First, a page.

As lawmakers wrap up week two of the fiscal session, their efforts to steer the budget bus keep hitting curbs. Now they’re starting to exhibit some road rage.
In the Senate Education Committee Wednesday, a bill that would uncouple TOPS scholarship amounts from future college tuition hikes — in order to contain the cost to the state — drew opposition from the administration.
“This legislation would negatively impact the program,” Jindal policy advisor Stafford Palmieri stated, “Because we’ve broken our promise to fully pay for their tuition to go to college.”
“You oppose this plan?” Baton Rouge Senator Dan Claitor asked. “Then show us your plan. How do you propose to support higher education?”
Originally published on Tue April 21, 2015 6:16 am
The House Appropriations Committee has advanced a bill that would keep highway dollars committed to road work by limiting how much can be shifted to State Police.
“Throughout this state, the common theme is that the legislators have raided the Transportation Trust Fund for other needs,” said New Iberia Rep. Terry Landry, in explaining reasons for authoring HB 208.
While the Senate Finance Committee began working through the budget Tuesday, the House Appropriations Committee was taking public testimony on it.
“Thank you for coming today for this testimony,” Appropriations chair Jim Fannin said in welcome, noting the weather made it more difficult than usual for many who turned up to add their input to the process. “We are appreciative for that,” he said.
Much of the public testimony went as expected: requests for higher allocations to cover jobs and services.
The budget is the big issue when the legislature convenes next week, and the administration is placing heavy emphasis on GEMS initiatives.
“GEMS” is the acronym for Government Efficiencies Management Support”, which is the title of the efficiency report commissioned last year from the consulting firm of Alvarez and Marsal. Although the report wasn’t delivered till the very end of last year’s session, lawmakers were loudly skeptical of the cost of the contract to provide the report, and the savings promised by Alvarez and Marsal.
Louisiana’s budget problems have many criticizing the tax incentives for the entertainment industry, which cost the state about $250-million last year. A legislative task force has been looking into ways to curb fraud in the film program. They met last week, to discuss the thrust of bills they may file in the upcoming legislative session.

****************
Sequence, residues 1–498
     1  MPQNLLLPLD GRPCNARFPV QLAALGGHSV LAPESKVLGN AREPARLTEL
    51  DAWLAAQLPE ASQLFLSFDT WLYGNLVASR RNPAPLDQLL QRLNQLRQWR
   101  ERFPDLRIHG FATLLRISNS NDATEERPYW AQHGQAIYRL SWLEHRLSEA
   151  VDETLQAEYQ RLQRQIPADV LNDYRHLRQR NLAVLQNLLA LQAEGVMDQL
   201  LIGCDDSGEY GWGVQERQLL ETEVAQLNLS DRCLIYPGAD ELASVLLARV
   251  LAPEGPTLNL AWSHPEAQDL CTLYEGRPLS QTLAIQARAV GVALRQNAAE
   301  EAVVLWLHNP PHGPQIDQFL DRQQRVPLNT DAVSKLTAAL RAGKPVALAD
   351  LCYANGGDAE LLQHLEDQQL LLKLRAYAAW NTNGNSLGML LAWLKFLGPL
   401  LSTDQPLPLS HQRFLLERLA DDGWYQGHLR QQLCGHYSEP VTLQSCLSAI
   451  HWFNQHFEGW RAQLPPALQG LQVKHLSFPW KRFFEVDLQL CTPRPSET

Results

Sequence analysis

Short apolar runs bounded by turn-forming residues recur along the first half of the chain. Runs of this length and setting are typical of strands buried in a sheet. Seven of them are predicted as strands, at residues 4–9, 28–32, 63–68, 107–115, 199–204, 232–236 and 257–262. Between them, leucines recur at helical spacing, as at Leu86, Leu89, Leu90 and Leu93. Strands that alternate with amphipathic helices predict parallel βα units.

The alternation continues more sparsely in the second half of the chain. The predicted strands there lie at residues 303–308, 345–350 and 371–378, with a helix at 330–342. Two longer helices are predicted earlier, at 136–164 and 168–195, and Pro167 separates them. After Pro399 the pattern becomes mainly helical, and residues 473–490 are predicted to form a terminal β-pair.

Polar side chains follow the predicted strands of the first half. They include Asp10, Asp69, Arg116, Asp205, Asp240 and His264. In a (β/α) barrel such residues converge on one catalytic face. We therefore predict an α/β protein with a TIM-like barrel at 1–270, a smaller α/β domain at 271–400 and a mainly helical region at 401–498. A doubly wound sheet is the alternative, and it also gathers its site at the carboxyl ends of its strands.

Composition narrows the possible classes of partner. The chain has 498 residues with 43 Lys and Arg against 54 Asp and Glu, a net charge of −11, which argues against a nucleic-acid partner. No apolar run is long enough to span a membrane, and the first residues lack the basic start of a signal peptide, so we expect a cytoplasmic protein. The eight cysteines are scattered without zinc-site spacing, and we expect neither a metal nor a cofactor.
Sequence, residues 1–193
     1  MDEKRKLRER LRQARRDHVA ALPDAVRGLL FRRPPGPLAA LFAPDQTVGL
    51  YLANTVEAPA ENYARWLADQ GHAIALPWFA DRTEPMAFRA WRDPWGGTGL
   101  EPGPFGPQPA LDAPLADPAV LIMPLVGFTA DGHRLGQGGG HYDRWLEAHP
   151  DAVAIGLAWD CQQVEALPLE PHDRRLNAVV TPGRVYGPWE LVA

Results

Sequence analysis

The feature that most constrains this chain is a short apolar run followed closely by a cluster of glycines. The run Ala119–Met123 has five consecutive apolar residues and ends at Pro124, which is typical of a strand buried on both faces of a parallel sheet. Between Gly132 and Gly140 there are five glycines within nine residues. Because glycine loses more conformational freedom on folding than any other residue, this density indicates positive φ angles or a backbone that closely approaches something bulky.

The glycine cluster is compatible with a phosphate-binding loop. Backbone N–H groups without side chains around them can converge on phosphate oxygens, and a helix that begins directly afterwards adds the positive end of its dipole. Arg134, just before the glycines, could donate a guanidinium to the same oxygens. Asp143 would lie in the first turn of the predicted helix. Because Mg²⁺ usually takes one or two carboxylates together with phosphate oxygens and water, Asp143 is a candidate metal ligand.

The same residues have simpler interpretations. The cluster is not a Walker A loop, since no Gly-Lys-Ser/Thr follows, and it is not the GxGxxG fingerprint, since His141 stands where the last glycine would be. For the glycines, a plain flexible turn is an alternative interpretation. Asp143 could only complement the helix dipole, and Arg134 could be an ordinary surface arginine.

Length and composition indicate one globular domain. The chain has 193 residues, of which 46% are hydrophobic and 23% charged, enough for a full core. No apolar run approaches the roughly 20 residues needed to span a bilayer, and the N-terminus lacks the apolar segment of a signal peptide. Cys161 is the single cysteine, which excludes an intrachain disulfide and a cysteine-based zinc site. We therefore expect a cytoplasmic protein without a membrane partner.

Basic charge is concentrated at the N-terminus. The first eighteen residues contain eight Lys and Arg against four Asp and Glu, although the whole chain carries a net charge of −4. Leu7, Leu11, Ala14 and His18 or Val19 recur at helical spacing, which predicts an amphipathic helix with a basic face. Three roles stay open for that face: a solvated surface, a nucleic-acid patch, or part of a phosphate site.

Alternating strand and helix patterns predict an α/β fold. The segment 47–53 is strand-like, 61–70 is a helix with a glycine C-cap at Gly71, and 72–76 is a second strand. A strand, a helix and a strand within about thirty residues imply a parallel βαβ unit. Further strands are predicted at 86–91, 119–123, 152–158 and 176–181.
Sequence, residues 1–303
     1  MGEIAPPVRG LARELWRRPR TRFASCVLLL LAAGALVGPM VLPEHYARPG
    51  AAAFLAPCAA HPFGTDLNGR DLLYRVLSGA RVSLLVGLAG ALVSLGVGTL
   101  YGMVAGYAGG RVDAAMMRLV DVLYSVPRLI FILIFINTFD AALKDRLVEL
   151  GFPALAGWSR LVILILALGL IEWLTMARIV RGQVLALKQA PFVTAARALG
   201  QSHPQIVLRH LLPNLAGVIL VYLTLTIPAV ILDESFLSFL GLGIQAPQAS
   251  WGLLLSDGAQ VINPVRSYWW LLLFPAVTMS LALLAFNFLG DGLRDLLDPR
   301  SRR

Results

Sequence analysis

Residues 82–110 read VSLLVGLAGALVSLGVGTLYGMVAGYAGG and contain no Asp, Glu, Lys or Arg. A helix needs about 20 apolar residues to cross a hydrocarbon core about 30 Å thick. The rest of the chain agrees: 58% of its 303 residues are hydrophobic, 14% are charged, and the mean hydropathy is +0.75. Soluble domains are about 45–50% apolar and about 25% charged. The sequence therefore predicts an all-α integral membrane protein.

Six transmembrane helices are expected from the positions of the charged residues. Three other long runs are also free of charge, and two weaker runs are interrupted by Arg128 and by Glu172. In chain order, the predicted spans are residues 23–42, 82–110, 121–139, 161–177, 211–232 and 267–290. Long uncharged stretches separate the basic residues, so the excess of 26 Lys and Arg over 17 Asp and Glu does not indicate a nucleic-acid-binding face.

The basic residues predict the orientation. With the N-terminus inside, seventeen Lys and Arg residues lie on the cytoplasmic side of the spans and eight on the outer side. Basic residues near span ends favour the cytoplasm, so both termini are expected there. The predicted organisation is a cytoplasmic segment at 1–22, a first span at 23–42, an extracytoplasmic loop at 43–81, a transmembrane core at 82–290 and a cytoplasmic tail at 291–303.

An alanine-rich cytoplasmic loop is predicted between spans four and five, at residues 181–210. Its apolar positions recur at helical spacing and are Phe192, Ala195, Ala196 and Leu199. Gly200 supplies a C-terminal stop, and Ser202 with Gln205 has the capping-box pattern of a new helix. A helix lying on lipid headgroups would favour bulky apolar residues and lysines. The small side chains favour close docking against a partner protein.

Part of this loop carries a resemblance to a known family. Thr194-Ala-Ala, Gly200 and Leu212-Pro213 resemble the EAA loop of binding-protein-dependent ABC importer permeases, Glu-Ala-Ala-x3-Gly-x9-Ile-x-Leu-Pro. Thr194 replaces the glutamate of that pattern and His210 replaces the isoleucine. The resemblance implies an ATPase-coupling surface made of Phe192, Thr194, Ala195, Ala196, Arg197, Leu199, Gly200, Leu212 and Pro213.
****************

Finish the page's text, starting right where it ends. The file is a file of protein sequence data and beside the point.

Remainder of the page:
“These are various common-sense measures that we think can be taken to perhaps make it a little bit less easy to steal from these programs,” Louisiana Inspector General Stephen Street said, as he prepared to give the panel suggestions based on his experiences investigating problems with the programs.
One component of the Jindal administration’s 2016 budget proposal, revealed Friday, involves holding the line on spending in the public-private hospital partnerships. The private partners in the LSU hospital deals had asked for an additional $142-million in the fiscal year that starts July 1.
“What we funded these hospitals for was level funding, effectively,” Commissioner of Administration Kristy Nichols detailed to the Joint Budget Committee. “And some of the hospitals are projecting growth above level funding. That’s the point of discussion that we are going to have to work through in this process.”
“It’s horrible. It’s as bad as we’ve seen, for sure.”
Barry Erwin, president of the Council for a Better Louisiana, says the budget cuts looming ahead for Louisiana’s public colleges and universities are nothing short of brutal.
“We’re talking about three, four, five hundred million—they’re saying—in one year? That is an insurmountable obstacle for these schools.”
Erwin attended Monday’s meeting between governing board members for all of the state’s higher education systems, and some influential lawmakers. With the governor’s budget proposal due to be unveiled Friday, all are asking the same question: How bad will it be?